Have Your Say

Never A Glass of Water from Their Tap

Oh look — there's a double-standard elephant in the room, so let's talk about it.

The Liberal government is taking in 25,000 Syrian refugees running for their lives from ISIS, and this is as it should be.

The government should take in as many of these refugees as possible because it is the right thing to do. First Nations, too, have a tradition of taking in strangers and travelers, and helping those who are in need.

It is ultimately a good thing that the government is working overtime and investing $1.2 billion over the next six years, and using whatever resources necessary to ensure that the new Canadians are immediately provided with everything they need upon arrival: access to health care, shelter, clean water, and let's not forget education and employment. According to the Canadian Press, the proposed funding model indicates $876.7 million will be needed in 2015 and 2016 to fulfill this promise. These things cost money.

But what about the ongoing plight of First Nations people across Canada?

In Indian Country, First Nations have been fighting, for many decades, for many of the same basic human needs that the refugees have been fighting for. And for many decades First Nations have been ignored and have had services underfunded or cut. In stark contrast to the immediate urgency with which the government is providing the basics for the new immigrants, First Nations are again waiting, at the back of the line.

While the majority of Canadians — including the newly arrived — enjoy one of the highest standards of living in the world, First Nations are, as usual, on the bottom rung of the ladder when it comes to housing, health care, education, employment, and the most basic of all basic needs — clean water. Four hundred of 630 First Nations communities are under boil-water advisories.

But there is hope — there is some light, coming from the end of the seemingly unending and perpetual tunnel of the First Nations battle for fundamental human needs.

On December 8, at the Assembly of First Nations' (AFN) 2015 Special Chiefs Assembly (SCA) in Gatineau, Quebec, in a speech of historic significance, newly minted Prime Minister Justin Trudeau promised to:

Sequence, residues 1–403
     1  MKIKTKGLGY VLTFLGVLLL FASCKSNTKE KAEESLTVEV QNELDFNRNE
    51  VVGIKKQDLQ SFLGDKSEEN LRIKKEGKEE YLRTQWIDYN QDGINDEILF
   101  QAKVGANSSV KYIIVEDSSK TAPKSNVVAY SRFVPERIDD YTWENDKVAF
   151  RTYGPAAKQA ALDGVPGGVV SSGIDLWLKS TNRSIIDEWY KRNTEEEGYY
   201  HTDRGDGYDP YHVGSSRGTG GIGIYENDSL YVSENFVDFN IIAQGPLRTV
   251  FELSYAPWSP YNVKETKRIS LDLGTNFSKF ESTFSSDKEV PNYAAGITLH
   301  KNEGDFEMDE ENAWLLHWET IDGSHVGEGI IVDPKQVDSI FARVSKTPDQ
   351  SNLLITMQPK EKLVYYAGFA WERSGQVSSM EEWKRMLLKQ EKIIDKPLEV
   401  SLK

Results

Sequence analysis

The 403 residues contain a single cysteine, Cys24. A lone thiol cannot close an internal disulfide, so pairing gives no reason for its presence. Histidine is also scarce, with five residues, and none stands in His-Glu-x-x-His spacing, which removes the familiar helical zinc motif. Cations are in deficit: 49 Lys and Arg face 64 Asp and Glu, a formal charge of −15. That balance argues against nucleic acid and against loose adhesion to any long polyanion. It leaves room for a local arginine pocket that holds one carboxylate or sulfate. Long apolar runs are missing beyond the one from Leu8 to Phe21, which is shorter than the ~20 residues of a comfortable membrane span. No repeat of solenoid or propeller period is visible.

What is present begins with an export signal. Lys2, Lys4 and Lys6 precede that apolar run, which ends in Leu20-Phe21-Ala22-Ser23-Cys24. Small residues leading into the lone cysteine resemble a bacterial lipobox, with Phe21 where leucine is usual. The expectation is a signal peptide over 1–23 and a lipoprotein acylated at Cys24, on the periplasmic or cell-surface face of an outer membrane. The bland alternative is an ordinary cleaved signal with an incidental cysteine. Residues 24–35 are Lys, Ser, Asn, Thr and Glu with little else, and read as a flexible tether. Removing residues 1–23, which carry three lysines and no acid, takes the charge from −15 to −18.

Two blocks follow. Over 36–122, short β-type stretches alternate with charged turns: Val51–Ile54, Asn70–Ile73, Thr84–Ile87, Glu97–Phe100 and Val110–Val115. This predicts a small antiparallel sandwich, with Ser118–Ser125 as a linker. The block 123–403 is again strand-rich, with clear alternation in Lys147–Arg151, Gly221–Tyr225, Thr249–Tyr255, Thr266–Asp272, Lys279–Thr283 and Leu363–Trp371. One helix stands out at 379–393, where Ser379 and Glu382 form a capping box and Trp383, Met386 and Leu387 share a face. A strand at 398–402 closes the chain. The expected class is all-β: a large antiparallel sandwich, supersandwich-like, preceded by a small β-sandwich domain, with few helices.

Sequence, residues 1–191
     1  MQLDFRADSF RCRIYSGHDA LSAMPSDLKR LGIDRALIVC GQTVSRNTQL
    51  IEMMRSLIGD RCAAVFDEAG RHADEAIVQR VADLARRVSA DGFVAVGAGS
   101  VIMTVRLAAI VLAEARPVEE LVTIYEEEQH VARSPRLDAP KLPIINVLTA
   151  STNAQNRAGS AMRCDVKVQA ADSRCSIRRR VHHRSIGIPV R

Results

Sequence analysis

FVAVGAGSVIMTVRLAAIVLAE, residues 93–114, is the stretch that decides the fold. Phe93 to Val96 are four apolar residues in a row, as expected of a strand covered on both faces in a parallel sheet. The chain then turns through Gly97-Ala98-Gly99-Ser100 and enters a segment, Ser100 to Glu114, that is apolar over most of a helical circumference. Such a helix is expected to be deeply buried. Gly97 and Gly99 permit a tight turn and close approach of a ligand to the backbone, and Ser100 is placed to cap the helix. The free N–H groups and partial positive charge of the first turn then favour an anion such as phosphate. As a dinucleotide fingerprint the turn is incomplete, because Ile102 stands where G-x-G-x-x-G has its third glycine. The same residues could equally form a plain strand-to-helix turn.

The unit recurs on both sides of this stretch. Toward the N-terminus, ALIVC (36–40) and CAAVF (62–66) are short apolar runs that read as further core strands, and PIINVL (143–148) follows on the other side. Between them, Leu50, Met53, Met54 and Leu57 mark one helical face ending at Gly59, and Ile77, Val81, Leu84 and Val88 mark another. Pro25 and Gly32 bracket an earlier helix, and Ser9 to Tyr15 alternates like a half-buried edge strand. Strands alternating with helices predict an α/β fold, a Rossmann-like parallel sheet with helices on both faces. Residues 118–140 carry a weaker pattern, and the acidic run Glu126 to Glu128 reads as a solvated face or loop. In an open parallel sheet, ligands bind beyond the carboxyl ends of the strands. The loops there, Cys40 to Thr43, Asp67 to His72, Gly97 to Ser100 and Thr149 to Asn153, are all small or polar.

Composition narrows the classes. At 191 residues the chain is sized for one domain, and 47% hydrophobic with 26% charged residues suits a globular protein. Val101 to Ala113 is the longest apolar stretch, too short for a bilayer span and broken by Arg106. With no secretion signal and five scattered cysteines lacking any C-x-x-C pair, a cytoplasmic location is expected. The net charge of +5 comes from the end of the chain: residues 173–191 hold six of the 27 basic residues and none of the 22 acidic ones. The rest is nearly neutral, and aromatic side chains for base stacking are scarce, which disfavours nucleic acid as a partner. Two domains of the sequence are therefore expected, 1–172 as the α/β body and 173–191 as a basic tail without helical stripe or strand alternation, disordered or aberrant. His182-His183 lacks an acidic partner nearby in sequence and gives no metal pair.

1. Launch a national public inquiry into missing and murdered Indigenous women which is expected to last up to two years and cost $40 million.
  2. Make significant investments in First Nations education with initial, new investment of $515 million per year in core annual funding for kindergarten through Grade 12. This will rise to over $750 million per year by the end of the Liberals' first mandate. It includes funding that Harper promised and never delivered, plus an additional $300 million every year.
  3. Lift the two per cent cap on funding programs that has been imposed upon First Nations for 20 years.
  4. Implement all 94 recommendations flowing from the Truth and Reconciliation Commission.
  5. Repeal all legislation unilaterally imposed on Indigenous people by the previous government. This must include Bill C-51, the so-called anti-terror bill, and parts of the omnibus Bill C-45, that specifically attacks the treaty statuses and treaty rights around lands in Canada. The Conservative government pushed both bills through without proper consultation or consent of First Nations.

Justin Trudeau has also declared that "The constitutional guaranteed rights of First Nations people in Canada are not an inconvenience, but a sacred obligation."

These are all excellent commitments, and they are welcomed, but they will take many years to fully implement.

There is a litany of problems on First Nations that demands immediate action from the government, but for the sake of space, let's consider just one — clean water.

As mentioned, approximately 400 of the 630 First Nations, about two thirds, are under boil-water advisories. Many of these advisories have been in place for well over ten years.

Shoal Lake First Nation in Manitoba has been under a boil-water advisory for 18 years. Neskantaga in Ontario has been under a boil-water advisory for more than 20 years. Ending the boil-water advisories will take up to five years, according to Trudeau.

It could be 25 to 26 years of living without safe tap water for entire communities before anything is fixed.

There are children and young adults in some communities who have never had a glass of water from their tap.

In contrast, the government will ensure that 25,000 refugees, with remarkably similar needs to those of First Nations, will be taken care of within months.

Why this disparity?

Why will it take five years to fix something that has been festering on First Nations for many decades, yet the refugee agenda is being fast tracked at light speed?

Why the double standard? Why can't the First Nation issues be attended to, at the very least, with the same urgency?

It is true that the refugees have been waiting in 'third-world' conditions, for up to four or five years in refugee camps, but First Nations have been waiting for hundreds of years, some in well-documented third-world conditions, in the middle of a country with one of the highest standards of living on the planet.

This is not an "us and them" issue. This is an equality issue.

And it is more evidence of First Nations' basic human rights taking a back seat to the needs of others.

The Liberal government should resolve First Nations issues with the same vigour and urgency, just as quickly as they are resolving the very similar problems of the refugees. It is their "sacred obligation."

Again, it's not a matter of us vs. them, it's a matter of equity and justice. Equity and justice for everyone — even for First Nations.

Tyrone Souliere is a member of the Garden River First Nation and the founder of Rally The First Nation Vote.